A small Carmel-based biotech firm has signed a deal with pharmaceutical giant Allergan Plc that is worth at least $50 million and could grow to more than $2 billion under the best-case scenario.
The research, development, collaboration and license agreement covers preclinical compounds for up to six gastrointestinal conditions.
Assembly Biosciences Inc., based at 11711 N. Meridian St., said the deal will help it develop four preclinical compounds that target ulcerative colitis, Crohn’s disease, irritable bowel syndrome and related conditions that affect millions of people.
Terms of the deal were laid out in a regulatory filing Tuesday.
Under the agreement, Assembly will get an upfront payment of $50 million from Allergan in return for exclusive rights to the compounds. In addition, Assembly could receive up to $630 million in development milestone payments and up to a $2.15 billion in commercial milestone payments based on net sales, if the compounds make it successfully through clinical trials, get government approval and are commercially successful.
Assembly is eligible to received tiered royalties at percentages ranging from mid-single digits to the mid-teens based on net sales.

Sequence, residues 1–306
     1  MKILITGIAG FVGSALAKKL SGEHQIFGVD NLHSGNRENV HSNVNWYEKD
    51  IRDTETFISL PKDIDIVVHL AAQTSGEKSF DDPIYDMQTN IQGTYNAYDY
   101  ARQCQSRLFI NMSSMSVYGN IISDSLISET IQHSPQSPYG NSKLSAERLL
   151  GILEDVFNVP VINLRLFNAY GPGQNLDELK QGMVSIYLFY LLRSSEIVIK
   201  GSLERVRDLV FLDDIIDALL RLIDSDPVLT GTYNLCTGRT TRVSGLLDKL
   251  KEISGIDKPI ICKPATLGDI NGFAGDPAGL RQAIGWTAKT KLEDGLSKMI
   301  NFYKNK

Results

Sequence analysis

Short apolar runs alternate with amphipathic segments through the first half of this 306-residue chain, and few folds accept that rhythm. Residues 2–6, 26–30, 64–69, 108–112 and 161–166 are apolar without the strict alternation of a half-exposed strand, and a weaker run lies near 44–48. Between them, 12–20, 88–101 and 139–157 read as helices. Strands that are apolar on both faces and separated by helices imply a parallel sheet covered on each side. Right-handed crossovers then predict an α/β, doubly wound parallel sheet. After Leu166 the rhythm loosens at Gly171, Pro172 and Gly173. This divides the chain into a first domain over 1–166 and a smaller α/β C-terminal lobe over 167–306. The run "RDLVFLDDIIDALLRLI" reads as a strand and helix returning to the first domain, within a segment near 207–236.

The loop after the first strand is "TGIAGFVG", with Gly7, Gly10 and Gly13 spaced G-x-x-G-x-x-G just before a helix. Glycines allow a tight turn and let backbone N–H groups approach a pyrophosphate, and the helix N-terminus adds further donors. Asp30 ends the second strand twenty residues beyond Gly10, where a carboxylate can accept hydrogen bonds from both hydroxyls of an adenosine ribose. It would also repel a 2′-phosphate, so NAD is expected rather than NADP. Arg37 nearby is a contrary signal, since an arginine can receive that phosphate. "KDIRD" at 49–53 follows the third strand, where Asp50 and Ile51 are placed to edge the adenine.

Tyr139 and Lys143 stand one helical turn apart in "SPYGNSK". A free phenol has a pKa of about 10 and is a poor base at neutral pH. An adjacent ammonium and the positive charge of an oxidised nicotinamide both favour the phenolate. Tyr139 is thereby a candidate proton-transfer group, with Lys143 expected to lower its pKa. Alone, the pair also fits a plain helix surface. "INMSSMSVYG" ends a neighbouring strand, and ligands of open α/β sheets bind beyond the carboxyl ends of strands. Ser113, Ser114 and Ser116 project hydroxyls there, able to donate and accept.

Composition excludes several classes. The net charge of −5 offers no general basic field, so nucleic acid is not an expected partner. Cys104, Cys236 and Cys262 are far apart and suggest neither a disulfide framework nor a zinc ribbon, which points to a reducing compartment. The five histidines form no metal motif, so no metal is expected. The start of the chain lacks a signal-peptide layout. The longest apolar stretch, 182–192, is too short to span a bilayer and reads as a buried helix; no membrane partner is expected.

The company, founded in 2005, has yet to launch a product, and the upfront payment from Allergan will provide a much-needed financial shot in the arm. In 2015, Assembly racked up an operating loss of $26.9 million after spending $18.4 million for research and $11.3 million for administrative and overhead costs.
The company, formerly known as Ventrus Biosciences, has about 100 employees and consultants, with research facilities in Bloomington and San Francisco. According to its annual report, it focuses on two main research areas: hepatitis B virus and microbiome therapeutics, chiefly in the gastrointestinal tract.
Inflammatory conditions of the gastrointestinal tract are debilitating conditions. Crohn’s disease most commonly affects the end of the small bowel and the colon. Ulcerative colitis is limited to the colon. The two companies estimate that 1.6 million Americans and 2.2 million Europeans suffer from the two diseases.
Assembly’s microbiome program consists of a identifying and selecting “a robust strain” of microbes, methods for isolating and growing the strains, and a system that allows for “targeted oral delivery” to the gastrointestinal tract.
“Our fully integrated microbiome platform reflects Assembly’s commitment as one of the leaders in the exciting new field of microbiome therapeutics, which has the potential to address a range of diseases in entirely new ways,” said Derek Small, Assembly’s CEO, in a written statement.
Allergan is based in Dublin, with U.S. headquarters in New Jersey. It sells a wide range of products for dermatology, eye care, urology and the central nervous system. Key brands including Botox, Linzess and Juvederm. It rang up revenue of $15.1 billion in 2015.
The two companies have agreed to share development costs through proof-of-concept studies, and Allergan has agreed to assume all development costs afterward. The deal is expected to close in the first quarter.